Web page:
The critique of logic, as it was taught on the British Isles, intensified at the beginning of the 19th century. A systematic critique of Aristotelian (syllogistic) logic was undertaken from the standpoint of common sense philosophy chiefly by Scottish philosophers, followers of T. Reid. E. Copleston of Oxford came to logic’s defense. His student, R. Whately, later wrote the textbook Elements of Logic (1826), in which he replied to the objections of Scottish philosophers. The textbook correctly explains that systems of deductive logic need not suffer from the petitio principii fallacy. J. S. Mill at first wrote a positive review of the textbook, but later published his System of Logic. In it, he puts forward the contrary view when evaluating the role of Aristotelian (deductive logic), objecting to the supposedly irredeemable fallacy of petitio principii. The fallacy can be avoided, he argues, in an inductive logic proposed by him. Mill’s objection to the Aristotelian syllogism was based on a misunderstanding of the analytic novelty of the knowledge contained in the conclusion of a valid argument. Mill’s explication of logic is contradictory, based on an associative psychologism and sensualism. The objection against deductive logic is simply mistaken. Mill’s logic and his positions were very critically appraised already by S. Jevons and the standard overviews of the history of logic fail to mention it.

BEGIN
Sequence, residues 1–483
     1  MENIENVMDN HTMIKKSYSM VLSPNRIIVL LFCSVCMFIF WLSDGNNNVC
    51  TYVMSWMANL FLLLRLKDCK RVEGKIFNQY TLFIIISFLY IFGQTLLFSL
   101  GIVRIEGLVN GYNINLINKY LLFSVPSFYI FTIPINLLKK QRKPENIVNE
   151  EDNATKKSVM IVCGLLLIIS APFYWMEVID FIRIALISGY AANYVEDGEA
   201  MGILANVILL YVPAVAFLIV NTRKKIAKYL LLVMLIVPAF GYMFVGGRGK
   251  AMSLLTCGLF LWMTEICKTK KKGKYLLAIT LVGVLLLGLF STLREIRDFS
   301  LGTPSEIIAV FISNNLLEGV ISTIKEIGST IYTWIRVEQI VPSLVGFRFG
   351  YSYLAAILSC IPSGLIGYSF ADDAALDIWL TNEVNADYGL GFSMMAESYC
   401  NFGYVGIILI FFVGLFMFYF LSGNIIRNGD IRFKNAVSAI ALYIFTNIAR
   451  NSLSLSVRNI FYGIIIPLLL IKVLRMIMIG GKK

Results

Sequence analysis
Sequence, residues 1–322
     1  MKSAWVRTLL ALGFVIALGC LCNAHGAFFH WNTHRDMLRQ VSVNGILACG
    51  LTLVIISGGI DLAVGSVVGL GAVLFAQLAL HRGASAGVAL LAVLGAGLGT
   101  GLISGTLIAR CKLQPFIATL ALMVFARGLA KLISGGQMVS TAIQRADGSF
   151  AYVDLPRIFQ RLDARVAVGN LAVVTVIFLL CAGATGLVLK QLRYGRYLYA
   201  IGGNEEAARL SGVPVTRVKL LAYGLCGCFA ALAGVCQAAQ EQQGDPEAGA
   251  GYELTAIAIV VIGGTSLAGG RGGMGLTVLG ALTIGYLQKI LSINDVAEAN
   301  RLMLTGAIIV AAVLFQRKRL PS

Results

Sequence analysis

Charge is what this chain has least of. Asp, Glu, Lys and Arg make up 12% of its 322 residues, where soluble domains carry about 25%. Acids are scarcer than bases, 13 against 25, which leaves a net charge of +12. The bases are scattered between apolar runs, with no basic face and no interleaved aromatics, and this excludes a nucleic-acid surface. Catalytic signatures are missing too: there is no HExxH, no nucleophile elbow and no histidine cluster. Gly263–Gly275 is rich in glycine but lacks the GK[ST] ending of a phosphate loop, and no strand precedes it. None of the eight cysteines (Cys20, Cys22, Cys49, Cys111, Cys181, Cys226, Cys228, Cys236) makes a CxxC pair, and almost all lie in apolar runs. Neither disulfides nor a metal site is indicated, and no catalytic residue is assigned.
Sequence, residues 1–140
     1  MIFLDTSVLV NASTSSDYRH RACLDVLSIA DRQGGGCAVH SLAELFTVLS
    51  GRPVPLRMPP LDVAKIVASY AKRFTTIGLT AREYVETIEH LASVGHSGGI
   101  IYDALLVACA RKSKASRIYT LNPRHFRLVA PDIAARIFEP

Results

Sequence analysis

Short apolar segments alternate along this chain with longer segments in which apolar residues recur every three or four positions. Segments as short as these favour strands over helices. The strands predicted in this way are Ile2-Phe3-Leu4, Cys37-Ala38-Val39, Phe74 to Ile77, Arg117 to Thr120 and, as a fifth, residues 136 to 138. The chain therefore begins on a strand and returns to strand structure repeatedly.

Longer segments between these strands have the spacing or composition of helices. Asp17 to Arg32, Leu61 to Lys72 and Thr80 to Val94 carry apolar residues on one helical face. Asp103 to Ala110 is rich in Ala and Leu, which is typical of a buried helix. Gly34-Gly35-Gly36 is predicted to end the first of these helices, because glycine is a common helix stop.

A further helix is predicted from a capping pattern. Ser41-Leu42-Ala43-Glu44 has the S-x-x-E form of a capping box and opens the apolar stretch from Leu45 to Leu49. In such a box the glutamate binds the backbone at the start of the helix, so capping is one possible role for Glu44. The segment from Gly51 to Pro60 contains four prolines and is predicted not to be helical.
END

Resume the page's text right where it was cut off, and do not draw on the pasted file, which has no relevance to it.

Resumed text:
Deductive logic, Inductive logic, J. S. Mill, Petitio principii, Syllogism